As children we were often asked what we would be when we grew up, and for some the dream of attaining a career emerged. We carefully studied the rungs of this ladder of success, moving through the paces to obtain that position, only to inherit unmanageable workloads and organizational systems with toxic patterns. After years of working to achieve, many become aware that the life they dreamed of turned into something they wanted to escape. It is like the proverbial closet that has had one too many items packed in and the door comes bursting open.
This phenomenon has come to be known as burnout, and there has been an increased awareness of the cascading negative impact this has on an individual’s sense of wellbeing. Occupational burnout is defined by a pattern of overwhelming exhaustion, lack of enthusiasm and motivation, and feelings of ineffectiveness. This can often result in feelings of frustration or cynicism, which lowers an individual’s sense of personal accomplishment. Research has shown a link to burn out and lowered physical health particularly in lowered immune responses and cardiovascular issues, mental health problems such as depression and anxiety, and increased substance use. Burnout has also been linked to thoughts of suicide.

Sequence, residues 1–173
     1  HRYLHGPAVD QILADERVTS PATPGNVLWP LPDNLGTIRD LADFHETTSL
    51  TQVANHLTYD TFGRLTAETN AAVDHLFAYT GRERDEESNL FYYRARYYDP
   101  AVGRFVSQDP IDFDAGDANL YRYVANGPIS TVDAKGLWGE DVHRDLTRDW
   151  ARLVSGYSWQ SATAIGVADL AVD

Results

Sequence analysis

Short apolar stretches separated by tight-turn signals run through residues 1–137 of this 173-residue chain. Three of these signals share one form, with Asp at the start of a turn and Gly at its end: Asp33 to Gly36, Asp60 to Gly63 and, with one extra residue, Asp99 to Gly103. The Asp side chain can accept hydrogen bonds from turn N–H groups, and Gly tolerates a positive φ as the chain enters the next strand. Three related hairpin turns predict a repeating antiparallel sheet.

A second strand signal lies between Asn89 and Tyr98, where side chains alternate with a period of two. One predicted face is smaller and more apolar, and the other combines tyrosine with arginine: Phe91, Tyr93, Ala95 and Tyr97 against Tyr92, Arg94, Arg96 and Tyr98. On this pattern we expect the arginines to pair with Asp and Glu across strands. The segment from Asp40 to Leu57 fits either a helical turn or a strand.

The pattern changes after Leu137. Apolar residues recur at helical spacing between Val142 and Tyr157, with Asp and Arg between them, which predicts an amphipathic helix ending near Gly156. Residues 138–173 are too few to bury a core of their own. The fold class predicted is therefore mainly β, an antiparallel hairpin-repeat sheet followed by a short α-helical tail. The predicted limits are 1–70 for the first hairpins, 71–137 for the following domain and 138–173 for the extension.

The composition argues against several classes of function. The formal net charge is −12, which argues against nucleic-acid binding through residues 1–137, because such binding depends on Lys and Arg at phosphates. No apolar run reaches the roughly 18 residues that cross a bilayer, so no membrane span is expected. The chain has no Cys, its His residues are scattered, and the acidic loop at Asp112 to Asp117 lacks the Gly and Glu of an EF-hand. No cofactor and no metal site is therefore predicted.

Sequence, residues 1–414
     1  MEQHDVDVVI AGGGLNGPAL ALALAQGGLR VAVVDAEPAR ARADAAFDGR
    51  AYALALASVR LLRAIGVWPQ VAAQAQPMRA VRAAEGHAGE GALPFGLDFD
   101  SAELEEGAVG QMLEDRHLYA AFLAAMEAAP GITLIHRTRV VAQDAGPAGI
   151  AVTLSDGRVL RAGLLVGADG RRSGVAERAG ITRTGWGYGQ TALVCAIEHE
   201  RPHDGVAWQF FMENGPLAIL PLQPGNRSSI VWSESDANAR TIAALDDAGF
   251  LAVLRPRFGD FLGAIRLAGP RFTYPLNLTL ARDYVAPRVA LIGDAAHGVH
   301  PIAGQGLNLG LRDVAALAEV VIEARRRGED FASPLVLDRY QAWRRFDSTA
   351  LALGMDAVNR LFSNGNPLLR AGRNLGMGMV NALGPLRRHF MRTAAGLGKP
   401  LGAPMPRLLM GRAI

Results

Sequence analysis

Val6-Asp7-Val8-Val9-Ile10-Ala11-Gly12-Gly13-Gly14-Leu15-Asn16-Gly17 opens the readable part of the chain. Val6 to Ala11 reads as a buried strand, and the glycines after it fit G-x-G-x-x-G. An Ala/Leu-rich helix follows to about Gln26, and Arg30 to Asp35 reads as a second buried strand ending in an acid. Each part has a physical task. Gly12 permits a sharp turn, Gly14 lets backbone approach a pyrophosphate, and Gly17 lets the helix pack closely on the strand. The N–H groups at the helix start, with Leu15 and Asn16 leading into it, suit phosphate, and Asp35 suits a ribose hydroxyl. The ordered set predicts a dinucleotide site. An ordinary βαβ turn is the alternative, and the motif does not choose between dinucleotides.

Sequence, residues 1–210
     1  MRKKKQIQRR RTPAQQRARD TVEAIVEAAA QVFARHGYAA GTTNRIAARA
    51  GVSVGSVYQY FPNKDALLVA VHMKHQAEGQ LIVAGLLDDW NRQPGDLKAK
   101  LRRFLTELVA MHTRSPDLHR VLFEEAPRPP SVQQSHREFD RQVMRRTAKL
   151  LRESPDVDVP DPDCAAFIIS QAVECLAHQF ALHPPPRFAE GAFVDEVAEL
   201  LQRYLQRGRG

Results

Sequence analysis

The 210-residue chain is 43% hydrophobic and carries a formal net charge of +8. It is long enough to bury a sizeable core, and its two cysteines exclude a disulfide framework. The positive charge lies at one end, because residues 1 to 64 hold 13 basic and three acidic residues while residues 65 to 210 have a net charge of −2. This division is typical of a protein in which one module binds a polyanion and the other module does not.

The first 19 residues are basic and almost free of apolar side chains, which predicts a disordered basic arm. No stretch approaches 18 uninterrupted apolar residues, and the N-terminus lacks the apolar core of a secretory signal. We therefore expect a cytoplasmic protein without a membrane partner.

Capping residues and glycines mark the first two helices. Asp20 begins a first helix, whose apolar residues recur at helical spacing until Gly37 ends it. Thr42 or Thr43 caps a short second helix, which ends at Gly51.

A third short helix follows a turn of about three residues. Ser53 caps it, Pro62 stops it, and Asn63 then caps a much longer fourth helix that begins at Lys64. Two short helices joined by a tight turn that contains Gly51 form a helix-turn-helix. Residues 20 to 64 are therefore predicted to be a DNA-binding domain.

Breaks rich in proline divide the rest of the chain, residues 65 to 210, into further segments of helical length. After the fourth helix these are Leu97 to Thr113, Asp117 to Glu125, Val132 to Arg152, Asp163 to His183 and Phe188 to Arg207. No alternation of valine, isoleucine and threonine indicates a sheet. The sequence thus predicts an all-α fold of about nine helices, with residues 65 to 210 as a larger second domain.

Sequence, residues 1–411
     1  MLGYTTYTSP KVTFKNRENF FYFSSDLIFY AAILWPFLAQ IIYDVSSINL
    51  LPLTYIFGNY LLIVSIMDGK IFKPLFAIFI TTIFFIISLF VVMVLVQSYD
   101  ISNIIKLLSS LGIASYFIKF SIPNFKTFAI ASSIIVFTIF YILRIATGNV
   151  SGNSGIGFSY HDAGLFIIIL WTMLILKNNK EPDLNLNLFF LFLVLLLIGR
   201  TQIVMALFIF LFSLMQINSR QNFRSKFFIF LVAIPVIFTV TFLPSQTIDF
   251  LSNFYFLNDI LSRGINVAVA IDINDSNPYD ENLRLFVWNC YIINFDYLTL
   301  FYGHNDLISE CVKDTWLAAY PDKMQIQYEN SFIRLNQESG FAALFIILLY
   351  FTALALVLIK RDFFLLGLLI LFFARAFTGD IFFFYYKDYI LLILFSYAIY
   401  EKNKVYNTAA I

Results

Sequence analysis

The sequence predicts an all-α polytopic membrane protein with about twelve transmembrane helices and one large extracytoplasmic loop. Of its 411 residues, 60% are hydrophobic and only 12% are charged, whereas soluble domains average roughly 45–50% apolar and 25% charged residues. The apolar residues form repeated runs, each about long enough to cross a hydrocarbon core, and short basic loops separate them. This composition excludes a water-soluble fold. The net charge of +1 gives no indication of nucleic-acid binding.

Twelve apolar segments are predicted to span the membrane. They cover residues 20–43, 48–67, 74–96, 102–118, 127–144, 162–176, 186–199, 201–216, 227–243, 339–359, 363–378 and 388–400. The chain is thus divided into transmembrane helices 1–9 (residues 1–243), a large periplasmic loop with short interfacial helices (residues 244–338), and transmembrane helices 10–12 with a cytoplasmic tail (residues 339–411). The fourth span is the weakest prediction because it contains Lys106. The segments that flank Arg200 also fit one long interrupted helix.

Given that the toll burnout takes on individuals, their loved ones, and the health of organizations is serious, what is the antidote to this all too common ailment? Research points to the benefits of a multi-faceted approach, tailored to an individual’s specific needs. Here are some key points:
1. Changing work patterns to establish a healthy work life balance.
2. Forming new coping strategies such as recognizing unhelpful thinking and reframing thoughts.
3. Strengthening social support systems with friends and family members.
4. Implementing relaxation methods such as breathing techniques.
5. Practicing a healthy lifestyle through balanced nutrition, improving sleep patterns, and exercise.
6. Enhancing self-understanding through reading, participating in therapy, or practicing spirituality.
The bottom line is that ultimately recovering from burnout is an inside job. One that will take implementing a series of solutions, with a tone of gentleness and patience.